Even while hiking, we must represent Hogwarts. 

As a child, Taylor remembers that at the time she felt like she was missing out on something. “I loved being homeschooled, but at the same time I would think about all the things that I was supposedly missing out on. I guess I didn’t really think too much about the amount of homework or sitting in class and being bored. I didn’t really think of the negatives, but I always liked hanging out with people.” She was always a very social child, and saw how attractive the positive social interactions in a school could be. However, as an adult, Taylor is glad that she never went to school. She realizes now that she didn’t miss out on anything. As a homeschooled teenager, she was able to get involved with more activities such as a homeschool teen group, science fairs and several school dances, so she was never without friends.

As she got older, Taylor and her family drew away from the structured style of schooling they had followed as children, but that didn’t stop her from going on to study for her GED when she was 17. Shortly afterwards, she decided to try taking classes at the local community college, Quinebaug Valley Community College. Going to QV was a logical decision for her, because it was close and affordable. Since she had never been in a classroom before her first semester in college, Taylor was nervous about how she would fit into this brand new setting, but her homeschool background proved to be a perfect starting point for college classes. “I got there and it was like I’d always been there. I settled in so quickly it kind of surprised even me. I think that the structure I got – I got a pretty well rounded education.. But whatever it was I do feel like I was really well prepared. I was able to keep up and do well so I think I did get a very good foundation.”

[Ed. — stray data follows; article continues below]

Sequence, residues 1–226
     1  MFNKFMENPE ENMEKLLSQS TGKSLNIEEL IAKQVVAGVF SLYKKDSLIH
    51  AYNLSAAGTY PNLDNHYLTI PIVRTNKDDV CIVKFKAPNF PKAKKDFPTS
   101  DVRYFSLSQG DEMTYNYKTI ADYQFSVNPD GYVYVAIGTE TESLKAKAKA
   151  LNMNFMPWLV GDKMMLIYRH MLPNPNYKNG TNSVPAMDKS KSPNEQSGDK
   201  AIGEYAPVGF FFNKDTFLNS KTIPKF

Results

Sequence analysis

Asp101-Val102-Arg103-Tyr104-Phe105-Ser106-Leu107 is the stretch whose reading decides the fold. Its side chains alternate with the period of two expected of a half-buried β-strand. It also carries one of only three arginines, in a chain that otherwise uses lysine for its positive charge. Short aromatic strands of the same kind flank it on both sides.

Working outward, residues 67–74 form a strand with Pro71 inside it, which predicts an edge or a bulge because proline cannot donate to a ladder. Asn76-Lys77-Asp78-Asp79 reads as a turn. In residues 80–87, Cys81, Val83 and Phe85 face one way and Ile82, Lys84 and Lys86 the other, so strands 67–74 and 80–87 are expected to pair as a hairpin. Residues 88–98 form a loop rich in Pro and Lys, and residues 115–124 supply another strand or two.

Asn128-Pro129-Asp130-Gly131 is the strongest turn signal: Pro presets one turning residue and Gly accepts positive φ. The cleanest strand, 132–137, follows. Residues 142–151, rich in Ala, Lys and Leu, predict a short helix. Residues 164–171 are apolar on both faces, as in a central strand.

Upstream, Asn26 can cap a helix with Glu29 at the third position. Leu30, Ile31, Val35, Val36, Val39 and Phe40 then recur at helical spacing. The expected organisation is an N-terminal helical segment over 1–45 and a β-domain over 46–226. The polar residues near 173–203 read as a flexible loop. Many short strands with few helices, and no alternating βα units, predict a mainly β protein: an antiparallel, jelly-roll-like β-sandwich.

She has now been at QVCC for several semesters and loves the environment that is fostered by the small community college. “I don’t know if it was because I was homeschooled, and in a smaller environment, but I love that it is smaller and can be more personal.” At QVCC, Taylor has been able to get to know her classmates and professors very well, and that’s something she really appreciates and feels as though has enriched her college experience.


Taylor is currently working on her Associate’s Degree in Liberal Arts and Sciences from QVCC. She is trying not to plan too far ahead and instead focus on more immediate goals, but once she’s done her Associate’s Degree she is considering pursuing a Bachelor’s Degree in Spanish, as she had such a positive experience studying Spanish with Elkin Espitia-Loaiza at QVCC.  While Taylor is still keeping her options open, I do know one thing. No matter what Taylor decides to do after QVCC, I know that she can, and will, accomplish whatever she decides to do. While we have drifted apart through the years, I still consider Taylor one of the people that has impacted me the most throughout my lifetime. I think having been homeschooled and growing up together has taught both Taylor and I is that it’s okay to be different. We are two of the nerdiest people you will ever meet, and I believe that we are both old enough now to embrace that part of our personalities.  With her passion for knowledge and learning, I know that no matter what she does with her future, Taylor will go on to impact many more lives just as she has impacted mine.

A Balancing Act – My College Story (so far)



This magical land where work, friends, family, hobbies, physical activity, eating healthy, and time for relaxation all manage to fit into a 24 hour period of time.

I am not good at balance. That’s the first thing I learned when I started taking college classes.